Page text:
WASHINGTON (AP) — The House Armed Services Committee pressed ahead Wednesday with a version of the 2013 defense budget that adds billions to President Barack Obama's proposed budget and rejects the administration's call for military base closings.
The committee convened to go through details of a spending blueprint that calls for a base defense budget of $554 billion, including nuclear weapons spending, plus $88 billion for the war in Afghanistan and related counterterrorism efforts.
That compares with the administration's proposed figures of $551 billion plus $88 billion.
Rep. Buck McKeon, R-Calif., chairman of the committee, said the legislation represents a "modest" increase over the administration's proposed budget. "This mark actively rebuilds the military within the constrained resources available to us," McKeon said.
The committee's ranking Democrat, Rep. Adam Smith of Washington state, said in an opening statement that he is pleased the bill includes new conditions on providing aid to Pakistan.
"It is imperative that Pakistan support our counterterrorism efforts," he said.
Election-year maneuvering over the size of the Pentagon budget is unfolding against a backdrop of worries by Republicans and Democrats alike that the nation's defenses will suffer if lawmakers cannot stave off more than $500 billion in mandatory military spending cuts scheduled to begin taking effect next year.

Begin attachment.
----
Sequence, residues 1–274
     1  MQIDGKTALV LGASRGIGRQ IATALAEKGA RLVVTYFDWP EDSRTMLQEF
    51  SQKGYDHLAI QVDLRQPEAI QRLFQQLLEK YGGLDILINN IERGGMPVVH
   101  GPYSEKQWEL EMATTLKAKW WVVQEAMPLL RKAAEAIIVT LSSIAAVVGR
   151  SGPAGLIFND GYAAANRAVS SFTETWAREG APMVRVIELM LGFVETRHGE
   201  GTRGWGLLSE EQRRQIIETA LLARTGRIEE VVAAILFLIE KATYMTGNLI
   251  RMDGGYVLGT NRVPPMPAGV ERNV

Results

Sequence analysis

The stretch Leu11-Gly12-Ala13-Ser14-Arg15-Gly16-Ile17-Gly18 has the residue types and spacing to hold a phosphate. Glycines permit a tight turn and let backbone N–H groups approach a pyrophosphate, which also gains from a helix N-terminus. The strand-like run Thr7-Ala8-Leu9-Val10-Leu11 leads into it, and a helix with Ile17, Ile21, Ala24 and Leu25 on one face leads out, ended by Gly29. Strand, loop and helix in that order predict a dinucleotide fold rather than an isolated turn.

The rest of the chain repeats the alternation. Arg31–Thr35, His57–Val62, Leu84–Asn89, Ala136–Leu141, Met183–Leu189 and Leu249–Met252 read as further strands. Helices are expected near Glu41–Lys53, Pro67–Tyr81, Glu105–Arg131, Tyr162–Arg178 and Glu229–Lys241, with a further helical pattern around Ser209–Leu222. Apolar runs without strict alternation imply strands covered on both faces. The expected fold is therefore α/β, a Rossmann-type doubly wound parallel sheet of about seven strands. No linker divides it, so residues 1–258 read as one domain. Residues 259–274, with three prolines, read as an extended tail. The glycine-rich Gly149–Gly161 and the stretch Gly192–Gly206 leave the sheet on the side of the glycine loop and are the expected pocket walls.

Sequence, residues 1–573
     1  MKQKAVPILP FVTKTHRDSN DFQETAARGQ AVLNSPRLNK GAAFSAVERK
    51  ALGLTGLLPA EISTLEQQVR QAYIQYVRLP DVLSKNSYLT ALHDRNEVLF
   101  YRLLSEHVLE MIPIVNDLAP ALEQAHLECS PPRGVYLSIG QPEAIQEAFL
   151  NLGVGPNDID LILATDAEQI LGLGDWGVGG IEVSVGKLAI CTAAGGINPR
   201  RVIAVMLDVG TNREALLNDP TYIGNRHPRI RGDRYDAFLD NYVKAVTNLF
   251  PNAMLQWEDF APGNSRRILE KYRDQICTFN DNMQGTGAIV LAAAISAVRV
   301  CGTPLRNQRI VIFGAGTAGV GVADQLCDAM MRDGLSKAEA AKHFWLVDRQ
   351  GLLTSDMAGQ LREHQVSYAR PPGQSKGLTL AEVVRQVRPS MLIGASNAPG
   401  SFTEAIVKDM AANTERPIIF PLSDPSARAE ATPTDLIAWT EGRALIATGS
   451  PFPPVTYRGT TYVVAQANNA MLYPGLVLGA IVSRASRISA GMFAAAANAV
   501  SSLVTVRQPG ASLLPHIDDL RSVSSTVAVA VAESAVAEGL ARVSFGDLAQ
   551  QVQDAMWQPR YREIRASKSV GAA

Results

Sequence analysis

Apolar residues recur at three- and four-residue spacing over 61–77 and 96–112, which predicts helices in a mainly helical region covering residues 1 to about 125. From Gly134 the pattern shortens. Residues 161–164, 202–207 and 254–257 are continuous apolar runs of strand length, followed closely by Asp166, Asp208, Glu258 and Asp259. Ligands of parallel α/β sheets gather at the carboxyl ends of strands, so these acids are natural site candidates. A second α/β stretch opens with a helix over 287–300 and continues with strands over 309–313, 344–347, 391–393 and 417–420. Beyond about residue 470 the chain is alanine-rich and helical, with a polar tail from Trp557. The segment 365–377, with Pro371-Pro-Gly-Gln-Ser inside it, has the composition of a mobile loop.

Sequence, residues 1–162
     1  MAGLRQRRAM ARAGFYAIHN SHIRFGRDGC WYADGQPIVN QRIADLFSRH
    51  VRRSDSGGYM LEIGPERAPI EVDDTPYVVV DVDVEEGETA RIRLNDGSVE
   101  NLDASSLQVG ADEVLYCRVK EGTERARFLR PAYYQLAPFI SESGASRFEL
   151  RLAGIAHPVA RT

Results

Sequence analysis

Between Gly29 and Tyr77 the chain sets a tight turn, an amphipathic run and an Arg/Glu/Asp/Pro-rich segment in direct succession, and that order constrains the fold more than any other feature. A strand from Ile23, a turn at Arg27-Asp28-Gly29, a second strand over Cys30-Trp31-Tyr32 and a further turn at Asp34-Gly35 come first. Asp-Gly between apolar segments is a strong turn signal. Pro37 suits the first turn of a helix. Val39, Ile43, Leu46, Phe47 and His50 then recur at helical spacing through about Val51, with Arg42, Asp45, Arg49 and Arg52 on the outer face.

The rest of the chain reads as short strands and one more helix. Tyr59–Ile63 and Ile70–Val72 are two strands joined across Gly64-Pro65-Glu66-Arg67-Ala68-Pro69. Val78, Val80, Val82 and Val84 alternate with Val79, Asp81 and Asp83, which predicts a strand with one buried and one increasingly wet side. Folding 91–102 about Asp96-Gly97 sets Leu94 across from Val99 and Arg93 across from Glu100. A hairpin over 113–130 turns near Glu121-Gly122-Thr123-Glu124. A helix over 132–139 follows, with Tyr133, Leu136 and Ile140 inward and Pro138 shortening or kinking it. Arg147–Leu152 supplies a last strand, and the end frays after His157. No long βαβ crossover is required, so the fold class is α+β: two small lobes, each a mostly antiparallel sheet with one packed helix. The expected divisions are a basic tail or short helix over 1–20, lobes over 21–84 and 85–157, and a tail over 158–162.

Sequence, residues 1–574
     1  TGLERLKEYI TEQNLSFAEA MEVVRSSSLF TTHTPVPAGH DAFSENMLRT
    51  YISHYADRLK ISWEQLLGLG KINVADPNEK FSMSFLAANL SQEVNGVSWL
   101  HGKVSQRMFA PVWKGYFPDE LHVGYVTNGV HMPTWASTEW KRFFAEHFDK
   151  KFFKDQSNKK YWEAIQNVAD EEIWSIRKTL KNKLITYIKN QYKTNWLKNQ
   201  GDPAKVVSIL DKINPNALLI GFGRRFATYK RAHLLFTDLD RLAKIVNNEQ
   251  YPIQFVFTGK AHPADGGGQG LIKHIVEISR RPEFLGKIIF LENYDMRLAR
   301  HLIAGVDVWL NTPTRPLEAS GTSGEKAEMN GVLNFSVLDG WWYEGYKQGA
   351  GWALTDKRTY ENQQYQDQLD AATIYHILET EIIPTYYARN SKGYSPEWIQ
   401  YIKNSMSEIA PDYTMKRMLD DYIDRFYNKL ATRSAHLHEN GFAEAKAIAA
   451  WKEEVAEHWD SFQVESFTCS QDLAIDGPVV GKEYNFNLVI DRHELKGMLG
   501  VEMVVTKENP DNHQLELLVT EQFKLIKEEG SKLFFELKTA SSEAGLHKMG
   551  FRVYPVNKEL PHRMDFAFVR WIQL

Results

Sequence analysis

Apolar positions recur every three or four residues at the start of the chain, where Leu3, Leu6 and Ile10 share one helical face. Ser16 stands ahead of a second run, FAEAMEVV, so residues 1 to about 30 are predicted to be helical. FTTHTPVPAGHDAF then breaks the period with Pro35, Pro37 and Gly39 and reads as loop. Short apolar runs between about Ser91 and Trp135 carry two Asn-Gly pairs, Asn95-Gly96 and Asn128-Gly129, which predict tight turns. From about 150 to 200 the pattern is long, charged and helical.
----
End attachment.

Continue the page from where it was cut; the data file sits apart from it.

The military service chiefs, including the chairman of the Joint Chiefs of Staff, Army Gen. Martin Dempsey, have said publicly they support the Obama plan, but some Republicans have suggested the chiefs harbor secret misgivings.
The administration already is selectively cutting $487 billion from the Pentagon budget over 10 years, an approach it calls prudent in light of shrinking combat commitments abroad and concerns about budget deficits at home.
Defense Secretary Leon Panetta has stressed his concern about Congress failing to find a way around the $500 billion in mandatory automatic cuts to the defense budget over 10 years, starting in January, which he said would require a "meat-ax approach" to savings.
"We are convinced that it would result in hollowing-out the force and inflicting severe damage to our national defense," Panetta told the Senate Armed Services Committee in February.
The House bill challenges the administration's proposal on several important fronts, including a provision that would block planned increases in health care fees for certain military retirees. The administration argues that such increases are overdue and that the savings are needed to preserve spending in other areas.
The bill also would prohibit the Air Force from retiring certain Air National Guard planes, as called for in the administration's plan. Numerous state governors have pushed back hard against the administration's proposed aircraft cuts and reassignments.